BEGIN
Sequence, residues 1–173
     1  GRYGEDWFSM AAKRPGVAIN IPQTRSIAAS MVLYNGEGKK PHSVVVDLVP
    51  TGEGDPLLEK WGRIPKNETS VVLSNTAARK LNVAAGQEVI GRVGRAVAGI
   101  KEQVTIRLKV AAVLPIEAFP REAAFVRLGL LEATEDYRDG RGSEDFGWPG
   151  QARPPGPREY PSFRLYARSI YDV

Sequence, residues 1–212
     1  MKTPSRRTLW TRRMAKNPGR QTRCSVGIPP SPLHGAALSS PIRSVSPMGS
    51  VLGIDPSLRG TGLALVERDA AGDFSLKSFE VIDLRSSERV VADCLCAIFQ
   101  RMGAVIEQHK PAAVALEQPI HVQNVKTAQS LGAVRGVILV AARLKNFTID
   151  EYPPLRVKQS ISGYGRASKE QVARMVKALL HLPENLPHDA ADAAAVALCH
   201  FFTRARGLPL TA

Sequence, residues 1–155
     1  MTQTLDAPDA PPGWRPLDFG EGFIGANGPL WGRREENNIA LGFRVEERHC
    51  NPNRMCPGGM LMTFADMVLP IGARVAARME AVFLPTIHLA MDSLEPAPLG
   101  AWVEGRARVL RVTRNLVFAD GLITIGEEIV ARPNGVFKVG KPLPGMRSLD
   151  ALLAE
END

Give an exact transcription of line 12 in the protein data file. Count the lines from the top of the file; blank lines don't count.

Sequence, residues 1–155